How Does Football Fit Into The Amazon’s Business Model?
Amazon recently won a broadcast deal in which it bought the rights to stream UK football (soccer) Premier League matches from 2019 until 2022. The service will be available to Amazon Prime subscribers. What’s the rationale behind it?
In a previous blog post about the Amazon Business Model I reviewed how the Internet giant has been growing through vertical integration. Amazon first develops a strong capability for itself, and subsequently it offers this same capability to its clients as a service. Examples are Amazon Web Services (AWS) and the Amazon delivery service (Logistics). Is Amazon now entering the Sports area?
Amazon Prime is a bundle of two services for a single price:
- Amazon’s loyalty program allows free fast shipments of physical products. This service aims to remove the barrier for placing an order because there are no incremental shipment costs (which often forms an obstacle for ordering physical products).
- Amazon Prime Video for online streaming of video / TV; directly in competition with Netflix.
The bundling of the two services is very interesting, because customers that join the service for one reason can benefit from the other service too.
Impressive Growth In The UK Market
In its 2017 annual report Amazon reported 19% growth in the UK market. In 2017, UK revenues grew 19% to $11.4 billion, compared to $9.5 billion in 2016 and $9 billion in 2015. Amazon seeks to continue this growth.
Competing On Market Share Against Netflix
Netflix has consistently been holding the major market share in the video/TV streaming business in the UK. Amazon has been putting up a fight, and in 2017 its Prime service grew steeper than Netflix. By the end of 2017, 4.3m UK households were Amazon Prime subscribers (3m in 2016), versus 8.2m UK households that were Netflix subscribers (6.6m in 2016).
Amazon Prime Video Is More Important In The UK Than In Other Amazon Markets
In the UK, much more than in other Amazon markets such as the U.S., France, Germany and Japan, a very high percentage (37-38%) of the clients that subscribe for the Amazon Prime service do so because of the Prime Video service. And hence in the UK it would pay to invest in attracting more clients by making the Prime Video service even more attractive.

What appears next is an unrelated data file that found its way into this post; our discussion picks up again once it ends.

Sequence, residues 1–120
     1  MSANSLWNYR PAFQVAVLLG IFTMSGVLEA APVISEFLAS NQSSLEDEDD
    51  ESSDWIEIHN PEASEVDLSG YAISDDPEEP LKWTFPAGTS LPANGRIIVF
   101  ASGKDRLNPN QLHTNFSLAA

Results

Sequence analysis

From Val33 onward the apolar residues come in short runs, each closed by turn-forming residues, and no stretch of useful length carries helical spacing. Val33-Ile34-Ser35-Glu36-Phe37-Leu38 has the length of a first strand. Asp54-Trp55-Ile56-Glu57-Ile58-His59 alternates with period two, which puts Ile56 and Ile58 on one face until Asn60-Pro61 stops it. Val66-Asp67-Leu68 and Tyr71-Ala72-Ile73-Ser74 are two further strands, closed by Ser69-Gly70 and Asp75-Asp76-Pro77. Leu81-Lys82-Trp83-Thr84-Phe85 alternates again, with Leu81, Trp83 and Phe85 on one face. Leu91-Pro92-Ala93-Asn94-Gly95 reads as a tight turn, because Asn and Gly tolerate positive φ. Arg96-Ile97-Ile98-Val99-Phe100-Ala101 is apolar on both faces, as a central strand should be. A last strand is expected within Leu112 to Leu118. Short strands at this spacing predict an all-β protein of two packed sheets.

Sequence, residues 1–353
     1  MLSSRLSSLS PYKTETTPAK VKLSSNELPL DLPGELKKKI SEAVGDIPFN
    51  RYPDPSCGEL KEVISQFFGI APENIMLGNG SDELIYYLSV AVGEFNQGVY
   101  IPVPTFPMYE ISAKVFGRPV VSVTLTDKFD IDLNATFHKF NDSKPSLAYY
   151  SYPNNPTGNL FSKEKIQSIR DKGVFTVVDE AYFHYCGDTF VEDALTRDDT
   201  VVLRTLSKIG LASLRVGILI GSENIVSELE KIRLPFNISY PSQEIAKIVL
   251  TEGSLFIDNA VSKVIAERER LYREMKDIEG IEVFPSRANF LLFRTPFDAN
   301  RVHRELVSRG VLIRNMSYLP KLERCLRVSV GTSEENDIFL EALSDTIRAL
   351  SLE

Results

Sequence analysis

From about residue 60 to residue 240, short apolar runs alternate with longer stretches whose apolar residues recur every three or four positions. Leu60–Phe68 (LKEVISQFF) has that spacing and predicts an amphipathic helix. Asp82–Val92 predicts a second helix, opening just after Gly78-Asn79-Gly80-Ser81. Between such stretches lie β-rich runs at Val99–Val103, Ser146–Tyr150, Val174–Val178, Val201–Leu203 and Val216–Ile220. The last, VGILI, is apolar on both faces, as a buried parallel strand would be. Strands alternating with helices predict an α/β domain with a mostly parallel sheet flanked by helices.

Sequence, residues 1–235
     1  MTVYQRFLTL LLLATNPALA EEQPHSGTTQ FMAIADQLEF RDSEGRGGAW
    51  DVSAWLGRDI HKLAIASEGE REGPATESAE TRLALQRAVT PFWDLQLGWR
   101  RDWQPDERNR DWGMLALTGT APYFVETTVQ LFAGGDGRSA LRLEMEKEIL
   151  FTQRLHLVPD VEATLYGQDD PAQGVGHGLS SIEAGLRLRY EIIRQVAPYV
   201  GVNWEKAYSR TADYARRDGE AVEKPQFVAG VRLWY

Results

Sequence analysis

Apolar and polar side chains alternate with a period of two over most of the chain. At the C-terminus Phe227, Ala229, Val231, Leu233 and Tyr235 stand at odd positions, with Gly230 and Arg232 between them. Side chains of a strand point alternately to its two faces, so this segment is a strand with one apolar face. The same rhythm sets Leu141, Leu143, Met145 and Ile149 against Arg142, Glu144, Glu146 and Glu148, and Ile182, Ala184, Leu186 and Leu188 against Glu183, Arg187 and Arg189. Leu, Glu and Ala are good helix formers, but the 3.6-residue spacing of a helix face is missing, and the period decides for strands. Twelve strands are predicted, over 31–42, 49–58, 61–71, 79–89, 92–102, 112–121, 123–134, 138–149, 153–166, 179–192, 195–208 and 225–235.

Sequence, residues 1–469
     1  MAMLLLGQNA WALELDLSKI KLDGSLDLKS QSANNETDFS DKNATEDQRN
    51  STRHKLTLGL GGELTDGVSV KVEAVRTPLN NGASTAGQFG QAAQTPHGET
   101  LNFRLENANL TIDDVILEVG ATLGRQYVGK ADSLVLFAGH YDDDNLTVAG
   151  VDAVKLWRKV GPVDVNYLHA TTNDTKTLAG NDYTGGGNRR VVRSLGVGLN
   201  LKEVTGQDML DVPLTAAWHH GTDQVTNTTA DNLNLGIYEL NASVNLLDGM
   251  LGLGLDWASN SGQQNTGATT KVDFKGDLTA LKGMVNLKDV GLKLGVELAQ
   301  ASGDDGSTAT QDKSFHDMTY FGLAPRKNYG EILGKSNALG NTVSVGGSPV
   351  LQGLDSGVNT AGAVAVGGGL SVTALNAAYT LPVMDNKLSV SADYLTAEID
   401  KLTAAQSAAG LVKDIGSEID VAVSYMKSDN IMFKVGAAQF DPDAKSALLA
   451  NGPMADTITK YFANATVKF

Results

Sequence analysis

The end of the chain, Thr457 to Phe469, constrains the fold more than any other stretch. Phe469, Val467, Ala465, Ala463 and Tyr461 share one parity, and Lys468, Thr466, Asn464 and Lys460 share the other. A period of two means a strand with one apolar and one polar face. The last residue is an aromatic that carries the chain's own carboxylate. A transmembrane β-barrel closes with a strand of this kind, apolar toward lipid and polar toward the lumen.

We understand therefore that Amazon has been growing impressively in the UK, and wants to continue doing so. The Prime service has been an engine for growth.
Marketing Amazon Prime
From a marketing perspective, the bundling of two services (loyalty program + video/TV streaming) entails that the service can also be marketed with two goals:
- Registering more users as members of the Prime loyalty service (for a fee).
- Attracting new subscribers through the video/TV subscription.
The first approach would focus primarily on existing customers, while the second approach would focus on existing customers as well as new customers. New customers of the Prime Video service would then also be more likely to order physical products because they would not have the barrier of shipment costs.
UK Football Matters!
Bill Shankly (1913-1981), who was a Scottish football player and the manager of Liverpool, a UK football club with a glorious track record, expressed so well the importance of football in the UK. He said: “Some people believe football is a matter of life and death, I am very disappointed with that attitude. I can assure you it is much, much more important than that”. It therefore comes as no surprise that addressing football fans would be an effective means to attract new clients. This may be true in many countries, and even more in the UK.
The Amazon Premier League deal allows Amazon to broadcast no less than 10 football games on Boxing Day, the day after Christmas. Loyal football fans may already be feeling the sense of excitement. For Amazon this seems like a great recipe for attracting the masses to its streaming services. For a fee, of course. Amazon expects that the loyal and dedicated UK football fans would not be able to resist the offer: 10 football matches on a free day (bank holiday). The result will be a lot of new clients paying the Prime subscription fee. These clients are subsequently more likely to buy also physical products through the Amazon platform, because they will be exempt from paying shipment fees.
Although in my previous blog about Amazon I focused on Amazon growing into new businesses, in this case it looks like Amazon is not really getting into Sports. Instead, it’s using Sports as a means to speed up its growth in the UK market. Premier League matches would bring new customers to Amazon. And then Amazon will do its best to maximize the revenue from these customers through cross-selling.
Suggested reading: The Amazon Business Model Re-Examined
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